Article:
“And what thoughts or memories, would you guess, were passing through my mind on this extraordinary occasion? Was I thinking of the Sibyl's prophecy, of the omen of the wolf-cub, of Pollio's advice, or of Briseis's dream? Of my grandfather and liberty? Of my grandfather and liberty? Of my three Imperial predecessors, Augustus, Tiberius, Caligula, their lives and deaths? Of the great danger I was still in from the conspirators, and from the Senate, and from the Gaurds battalions at the Camp? Of Messalina and our unborn child? Of my grandmother Livia and my promise to deify her if I ever became Emperor? Of Postumus and Germanicus? Of Agrippina and Nero? Of Camilla? No, you would never guess what was passing through my mind.“ (Robert Graves, “I, Claudius“)
A basalt bust of Germanicus, between 14 and 20 CE,
now at the British Museum
|The early Julio-Claudian brood on Augustus’ Ara Pacis. Germanicus is the mid-sized boy who grabbed Augustus’ coat in the centre|
|Benjamin West’s (1738 – 1820) idea of Germanicus’ wife Agrippina arriving with her husband’s ashes in Brindisi, c. 1768|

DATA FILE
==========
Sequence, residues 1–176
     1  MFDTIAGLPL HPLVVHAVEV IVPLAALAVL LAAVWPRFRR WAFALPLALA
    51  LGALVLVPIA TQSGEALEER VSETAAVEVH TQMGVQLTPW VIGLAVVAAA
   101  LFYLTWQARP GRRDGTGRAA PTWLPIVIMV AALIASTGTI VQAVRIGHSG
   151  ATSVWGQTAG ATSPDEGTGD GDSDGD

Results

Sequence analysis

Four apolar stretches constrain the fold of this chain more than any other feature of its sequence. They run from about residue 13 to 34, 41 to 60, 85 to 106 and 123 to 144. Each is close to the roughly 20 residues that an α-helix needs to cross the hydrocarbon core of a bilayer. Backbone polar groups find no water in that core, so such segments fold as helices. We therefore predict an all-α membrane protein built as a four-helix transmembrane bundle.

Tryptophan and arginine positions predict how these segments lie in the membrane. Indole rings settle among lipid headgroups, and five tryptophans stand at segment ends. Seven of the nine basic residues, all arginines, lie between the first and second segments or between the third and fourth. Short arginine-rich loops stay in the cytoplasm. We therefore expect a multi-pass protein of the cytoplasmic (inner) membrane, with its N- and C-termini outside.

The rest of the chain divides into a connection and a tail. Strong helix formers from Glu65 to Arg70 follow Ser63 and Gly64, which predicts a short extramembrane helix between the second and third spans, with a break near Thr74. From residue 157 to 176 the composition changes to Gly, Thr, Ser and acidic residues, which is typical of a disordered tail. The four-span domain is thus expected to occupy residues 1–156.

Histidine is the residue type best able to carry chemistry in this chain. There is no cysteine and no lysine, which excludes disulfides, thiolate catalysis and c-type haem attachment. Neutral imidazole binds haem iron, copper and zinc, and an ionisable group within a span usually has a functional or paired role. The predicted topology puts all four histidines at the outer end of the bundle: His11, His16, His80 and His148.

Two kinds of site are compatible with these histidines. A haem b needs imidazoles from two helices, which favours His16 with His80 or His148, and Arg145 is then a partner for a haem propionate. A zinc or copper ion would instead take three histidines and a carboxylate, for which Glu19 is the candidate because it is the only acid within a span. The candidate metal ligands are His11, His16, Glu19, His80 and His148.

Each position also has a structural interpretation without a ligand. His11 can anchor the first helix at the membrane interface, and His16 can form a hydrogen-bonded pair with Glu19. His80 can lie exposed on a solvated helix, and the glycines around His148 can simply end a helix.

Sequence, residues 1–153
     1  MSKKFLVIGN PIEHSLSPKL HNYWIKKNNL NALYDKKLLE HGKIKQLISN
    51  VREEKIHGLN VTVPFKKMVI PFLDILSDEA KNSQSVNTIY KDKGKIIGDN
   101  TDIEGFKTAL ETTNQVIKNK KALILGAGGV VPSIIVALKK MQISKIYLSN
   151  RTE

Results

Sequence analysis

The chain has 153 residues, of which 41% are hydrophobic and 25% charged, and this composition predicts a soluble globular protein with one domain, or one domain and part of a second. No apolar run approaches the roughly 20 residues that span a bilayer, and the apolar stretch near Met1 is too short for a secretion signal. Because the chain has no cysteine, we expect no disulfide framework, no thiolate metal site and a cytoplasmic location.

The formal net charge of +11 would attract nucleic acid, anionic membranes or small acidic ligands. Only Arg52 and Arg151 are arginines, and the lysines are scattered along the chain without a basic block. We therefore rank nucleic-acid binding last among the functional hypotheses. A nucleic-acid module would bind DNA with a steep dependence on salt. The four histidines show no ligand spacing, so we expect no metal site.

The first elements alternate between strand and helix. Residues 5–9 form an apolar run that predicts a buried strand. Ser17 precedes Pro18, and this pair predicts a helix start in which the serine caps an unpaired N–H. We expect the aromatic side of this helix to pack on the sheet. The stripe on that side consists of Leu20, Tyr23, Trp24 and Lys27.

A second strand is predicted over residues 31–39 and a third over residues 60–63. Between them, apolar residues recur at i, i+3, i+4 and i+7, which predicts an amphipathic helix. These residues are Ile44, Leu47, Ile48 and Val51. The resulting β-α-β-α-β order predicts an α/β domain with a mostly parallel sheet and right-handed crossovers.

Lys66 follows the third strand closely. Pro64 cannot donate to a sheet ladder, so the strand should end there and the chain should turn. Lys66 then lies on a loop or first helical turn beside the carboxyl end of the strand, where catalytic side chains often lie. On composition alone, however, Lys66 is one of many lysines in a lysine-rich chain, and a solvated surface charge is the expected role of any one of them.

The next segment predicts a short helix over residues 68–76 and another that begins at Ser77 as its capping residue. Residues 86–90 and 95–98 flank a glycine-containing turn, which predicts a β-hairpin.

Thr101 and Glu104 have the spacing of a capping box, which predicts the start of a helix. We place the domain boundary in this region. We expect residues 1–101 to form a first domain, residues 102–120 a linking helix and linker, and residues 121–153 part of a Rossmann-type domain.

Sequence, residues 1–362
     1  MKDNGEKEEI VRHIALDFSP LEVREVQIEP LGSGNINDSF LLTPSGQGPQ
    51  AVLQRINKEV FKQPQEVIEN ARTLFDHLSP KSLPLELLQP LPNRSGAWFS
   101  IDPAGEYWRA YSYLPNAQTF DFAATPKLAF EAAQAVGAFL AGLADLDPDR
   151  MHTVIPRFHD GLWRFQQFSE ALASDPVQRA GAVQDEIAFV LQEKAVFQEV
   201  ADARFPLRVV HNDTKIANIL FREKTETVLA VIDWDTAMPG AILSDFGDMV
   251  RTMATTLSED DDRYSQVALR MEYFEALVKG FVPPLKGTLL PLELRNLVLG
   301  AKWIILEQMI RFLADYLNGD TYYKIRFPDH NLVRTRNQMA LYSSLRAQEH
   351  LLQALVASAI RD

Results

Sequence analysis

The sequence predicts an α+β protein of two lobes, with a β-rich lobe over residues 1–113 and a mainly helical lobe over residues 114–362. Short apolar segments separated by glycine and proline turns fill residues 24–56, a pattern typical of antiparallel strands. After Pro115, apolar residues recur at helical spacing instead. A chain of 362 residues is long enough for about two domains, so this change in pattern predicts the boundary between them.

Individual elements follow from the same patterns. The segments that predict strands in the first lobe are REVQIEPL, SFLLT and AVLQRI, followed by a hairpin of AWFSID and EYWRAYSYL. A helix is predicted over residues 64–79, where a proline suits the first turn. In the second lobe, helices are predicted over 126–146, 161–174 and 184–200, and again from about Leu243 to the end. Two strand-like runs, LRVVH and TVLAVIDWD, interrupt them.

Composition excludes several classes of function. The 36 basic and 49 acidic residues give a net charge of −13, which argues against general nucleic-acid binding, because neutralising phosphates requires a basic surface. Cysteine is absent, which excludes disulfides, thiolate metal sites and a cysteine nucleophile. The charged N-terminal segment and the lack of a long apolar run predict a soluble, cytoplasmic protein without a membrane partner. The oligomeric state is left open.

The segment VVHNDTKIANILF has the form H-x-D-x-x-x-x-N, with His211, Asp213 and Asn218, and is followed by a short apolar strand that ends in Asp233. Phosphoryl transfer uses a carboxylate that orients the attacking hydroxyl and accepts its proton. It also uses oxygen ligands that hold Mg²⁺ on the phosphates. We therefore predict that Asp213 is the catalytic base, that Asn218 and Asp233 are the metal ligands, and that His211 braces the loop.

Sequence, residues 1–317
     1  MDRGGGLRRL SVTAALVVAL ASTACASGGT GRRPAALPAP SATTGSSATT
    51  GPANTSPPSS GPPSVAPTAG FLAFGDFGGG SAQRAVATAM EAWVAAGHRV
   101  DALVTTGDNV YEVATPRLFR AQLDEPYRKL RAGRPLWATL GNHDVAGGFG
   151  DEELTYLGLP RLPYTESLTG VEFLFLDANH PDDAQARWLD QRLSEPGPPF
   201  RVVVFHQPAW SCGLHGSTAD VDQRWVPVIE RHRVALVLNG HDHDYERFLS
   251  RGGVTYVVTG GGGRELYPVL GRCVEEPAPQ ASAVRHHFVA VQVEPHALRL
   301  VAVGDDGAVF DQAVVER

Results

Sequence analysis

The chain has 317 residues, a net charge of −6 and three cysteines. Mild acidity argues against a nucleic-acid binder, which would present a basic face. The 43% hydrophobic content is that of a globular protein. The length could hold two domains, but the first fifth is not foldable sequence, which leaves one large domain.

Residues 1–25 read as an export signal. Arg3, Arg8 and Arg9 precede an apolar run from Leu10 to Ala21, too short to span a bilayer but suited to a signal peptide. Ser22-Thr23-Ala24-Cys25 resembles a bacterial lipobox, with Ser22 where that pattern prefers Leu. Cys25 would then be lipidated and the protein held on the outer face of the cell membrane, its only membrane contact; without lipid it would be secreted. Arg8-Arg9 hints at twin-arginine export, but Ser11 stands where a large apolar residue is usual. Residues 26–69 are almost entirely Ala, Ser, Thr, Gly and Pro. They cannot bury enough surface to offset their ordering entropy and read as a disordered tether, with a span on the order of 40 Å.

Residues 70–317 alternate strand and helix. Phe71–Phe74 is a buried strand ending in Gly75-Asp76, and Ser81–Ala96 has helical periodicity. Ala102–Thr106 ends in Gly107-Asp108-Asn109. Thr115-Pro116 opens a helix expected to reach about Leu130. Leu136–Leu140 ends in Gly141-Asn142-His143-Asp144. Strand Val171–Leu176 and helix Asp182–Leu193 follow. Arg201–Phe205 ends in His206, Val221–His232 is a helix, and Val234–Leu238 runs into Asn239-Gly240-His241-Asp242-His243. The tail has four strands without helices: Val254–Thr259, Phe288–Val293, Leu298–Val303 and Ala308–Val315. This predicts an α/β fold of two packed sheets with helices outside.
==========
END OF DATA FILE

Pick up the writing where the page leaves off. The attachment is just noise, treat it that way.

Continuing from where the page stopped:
Germanicus’ triumph in Rome in May 17 CE was a major propaganda show that belied the fact that Rome had achieved virtually nothing during the campaign beyond the Rhine. Tiberius wisely decided to let the Germanics fight out their tribal wars among themselves and deal with what was left. The iron curtain went down on the left bank of the Rhine and Germanicus was ordered to the Near East. Tiberius, however, viewed the popularity his nephew enjoyed, with at least some mistrust. Germanicus was indeed celebrated as the best thing that happened to Rome’s military might since Julius Caesar himself, justifiably so or not and whatever Tiberius’ own plans were, a latter day Alexander the Great, epitomised by his nephew and nominated successor, did not exactly fit into it. Meanwhile, having arrived in Egypt and Syria, Germanicus already acted the big shot and finally overstepped his authorities as military officer when he overruled local arrangements made by the Roman governor of Syria, one Gnaeus Calpurnius Piso. And then the hero lay down and died in Antioch, Syria’s provincial capital, at the age of 34. The cause and circumstances were never cleared up, Germanicus might have been poisoned by agents of a jealous Tiberius, by an offended Piso or maybe the Syrian governor acted on orders of the emperor. In the nest of serpents that was the Julio-Claudian dynasty, everything seems at least possible. Even the idea that his own son Gaius, the later emperor Caligula, then seven years old, put a curse on him in a Freudian moment of a parricide wish à la “I, Claudius”.
And more about Germanicus on: